Sponsor of the bill, Sen. Lindsey Graham (R-SC), stated after defeat of the bill that he has not given up the fight for protection of the unborn and believed that the debate helped to win hearts and minds.
Cardinal Timothy Dolan, chair of the U.S. Conference of Catholic Bishops' (USCCB) Committee on Pro-Life Activities, called the failure of the Senate to pass the Pain-Capable Unborn Child Protection Act "appalling". In an official statement he said,
"The U.S. Senate's failure to adopt the Pain-Capable Unborn Child Protection Act, prohibiting abortions at 20 weeks post-fertilization, is appalling. Abortions performed in the second half of pregnancy usually involve brutally dismembering a defenseless unborn child, while also posing serious dangers to his or her mother. The Senate's rejection of this common-sense legislation is radically out of step with most Americans. Opinion polls consistently show that a strong majority of the public opposes late-term abortions-including those who self-identify as 'pro-choice'."
Poland: Parliament stops pro-abortion push and advances pro-life protections
The Polish parliament voted down legislation to legalize abortion, rejecting a proposal to make abortion available on demand for the first twelve weeks of gestation. Current law prohibits abortion with exceptions for cases of rape or incest, life or health of the mother, or fetal disability within the first trimester. The parliament also voted to refer a bill to ban certain abortions to a parliamentary committee for further consideration. The "stop abortion" bill, a citizens' initiative bill, would ban abortions on unborn babies diagnosed with a congenital disorder. Introducing the legislation, MP Kaja Godek with Life and Family Foundation told MPs that "We have come to parliament today because we don't want hospitals turning into abattoirs". The bill, which awaits further action by the committee, is supported by the conservative ruling party and President President Andrzej Duda.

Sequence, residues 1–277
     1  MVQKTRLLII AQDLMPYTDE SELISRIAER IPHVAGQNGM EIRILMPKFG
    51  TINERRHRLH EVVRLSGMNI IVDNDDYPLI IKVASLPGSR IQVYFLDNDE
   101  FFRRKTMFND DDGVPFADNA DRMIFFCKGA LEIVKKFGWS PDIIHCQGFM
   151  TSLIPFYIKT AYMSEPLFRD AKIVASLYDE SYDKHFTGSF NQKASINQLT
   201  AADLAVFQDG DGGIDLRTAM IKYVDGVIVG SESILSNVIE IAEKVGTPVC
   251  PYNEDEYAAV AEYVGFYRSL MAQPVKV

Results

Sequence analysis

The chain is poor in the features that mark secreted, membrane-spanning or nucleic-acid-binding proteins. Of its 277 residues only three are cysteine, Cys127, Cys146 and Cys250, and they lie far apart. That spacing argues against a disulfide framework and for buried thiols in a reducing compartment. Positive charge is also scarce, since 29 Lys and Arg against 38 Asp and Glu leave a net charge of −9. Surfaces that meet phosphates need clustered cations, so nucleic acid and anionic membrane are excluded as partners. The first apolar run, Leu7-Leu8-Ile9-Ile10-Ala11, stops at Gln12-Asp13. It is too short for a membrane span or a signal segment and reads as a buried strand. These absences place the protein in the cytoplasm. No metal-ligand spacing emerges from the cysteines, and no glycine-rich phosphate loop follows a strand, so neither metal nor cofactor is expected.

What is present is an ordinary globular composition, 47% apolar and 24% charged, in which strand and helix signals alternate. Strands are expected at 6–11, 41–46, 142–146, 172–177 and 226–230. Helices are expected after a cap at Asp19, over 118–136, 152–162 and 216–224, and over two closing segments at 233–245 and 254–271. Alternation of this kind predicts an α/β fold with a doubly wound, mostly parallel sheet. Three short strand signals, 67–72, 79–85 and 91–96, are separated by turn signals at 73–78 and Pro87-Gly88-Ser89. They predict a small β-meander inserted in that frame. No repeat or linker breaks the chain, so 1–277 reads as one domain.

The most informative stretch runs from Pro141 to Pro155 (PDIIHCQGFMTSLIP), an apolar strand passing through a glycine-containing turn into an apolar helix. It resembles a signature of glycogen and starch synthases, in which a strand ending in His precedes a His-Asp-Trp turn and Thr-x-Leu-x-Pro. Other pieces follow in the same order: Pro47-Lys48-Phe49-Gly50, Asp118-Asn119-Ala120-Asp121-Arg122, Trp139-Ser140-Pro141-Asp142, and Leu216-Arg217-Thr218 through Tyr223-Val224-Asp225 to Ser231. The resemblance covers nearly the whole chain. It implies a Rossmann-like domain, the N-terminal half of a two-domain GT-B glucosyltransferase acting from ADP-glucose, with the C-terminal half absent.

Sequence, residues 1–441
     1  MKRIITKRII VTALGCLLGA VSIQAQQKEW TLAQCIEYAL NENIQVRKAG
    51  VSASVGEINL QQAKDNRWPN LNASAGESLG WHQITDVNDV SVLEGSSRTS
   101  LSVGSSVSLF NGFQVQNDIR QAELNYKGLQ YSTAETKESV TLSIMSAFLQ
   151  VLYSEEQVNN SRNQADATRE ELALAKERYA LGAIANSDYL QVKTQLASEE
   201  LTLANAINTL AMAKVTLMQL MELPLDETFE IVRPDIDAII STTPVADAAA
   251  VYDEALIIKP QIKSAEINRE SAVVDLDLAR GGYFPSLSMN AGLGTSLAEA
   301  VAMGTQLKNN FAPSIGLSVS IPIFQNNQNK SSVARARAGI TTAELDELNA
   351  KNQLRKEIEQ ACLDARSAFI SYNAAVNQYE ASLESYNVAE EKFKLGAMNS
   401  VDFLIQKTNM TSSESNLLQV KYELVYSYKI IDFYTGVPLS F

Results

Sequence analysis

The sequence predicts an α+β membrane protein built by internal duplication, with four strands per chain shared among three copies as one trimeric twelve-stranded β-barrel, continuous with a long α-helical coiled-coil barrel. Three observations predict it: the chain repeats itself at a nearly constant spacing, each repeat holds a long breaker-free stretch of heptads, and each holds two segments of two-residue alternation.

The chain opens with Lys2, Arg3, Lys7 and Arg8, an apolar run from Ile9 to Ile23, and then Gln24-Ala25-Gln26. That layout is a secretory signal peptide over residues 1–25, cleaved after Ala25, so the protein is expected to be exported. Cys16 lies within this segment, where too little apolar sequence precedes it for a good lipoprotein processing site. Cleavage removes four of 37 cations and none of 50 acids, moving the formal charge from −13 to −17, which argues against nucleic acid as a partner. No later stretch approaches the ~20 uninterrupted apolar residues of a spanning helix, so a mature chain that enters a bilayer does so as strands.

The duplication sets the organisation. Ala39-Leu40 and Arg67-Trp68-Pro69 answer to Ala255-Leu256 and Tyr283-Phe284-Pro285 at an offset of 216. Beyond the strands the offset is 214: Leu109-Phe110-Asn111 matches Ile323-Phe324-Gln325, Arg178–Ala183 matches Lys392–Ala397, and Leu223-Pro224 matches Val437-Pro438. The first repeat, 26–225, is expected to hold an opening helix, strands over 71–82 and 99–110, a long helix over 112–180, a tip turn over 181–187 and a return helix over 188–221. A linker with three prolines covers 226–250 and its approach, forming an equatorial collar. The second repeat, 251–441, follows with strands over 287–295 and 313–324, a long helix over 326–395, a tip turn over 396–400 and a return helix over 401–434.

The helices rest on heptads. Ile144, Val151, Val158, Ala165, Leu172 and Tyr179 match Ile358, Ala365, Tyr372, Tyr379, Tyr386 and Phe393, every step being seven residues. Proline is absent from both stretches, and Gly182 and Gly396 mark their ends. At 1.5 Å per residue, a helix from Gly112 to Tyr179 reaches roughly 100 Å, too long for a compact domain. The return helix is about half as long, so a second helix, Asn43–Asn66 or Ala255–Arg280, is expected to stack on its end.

UK: Second reading of conscience protection bill
The UK House of Lords held the second reading of a bill to protect the conscience rights of medical personnel. Introduced by Baroness O'Loan, the Conscientious Objection (Medical Activities) Bill would guarantee that health care professionals could not be discriminated against for choosing not to participate in abortion procedures and the removal of life-sustaining treatment. While current law, the Abortion Act of 1967, does include conscience rights, recent reports indicate that in practice, pro-life doctors and nurses face discrimination if they refuse to participate in life-ending procedures. The bill now awaits committee action.
Executive News
US: New federal office created to protect conscience rights
The Trump Administration has created a new federal office on "Conscience and Religious Freedom", supporting medical personnel who oppose specific procedures on religious grounds. The new office will be part of the Deparment of Health and Human Service's Office of Civil Rights (OCR). Acting HHS Secretary Eric Hargan explained, "The Founding Fathers knew that a nation that respects conscience rights is more diverse and more free, and OCR's new division will help make that vision a reality." 

The new division seeks to ensure that no person is forced to participate in an abortion, euthanasia, or similar procedure that compromises their belief. Pro-life groups celebrated the move, with Americans United for Life's chief legal officer Steven Aden calling it "a strong step forward for pro-life community and for all people."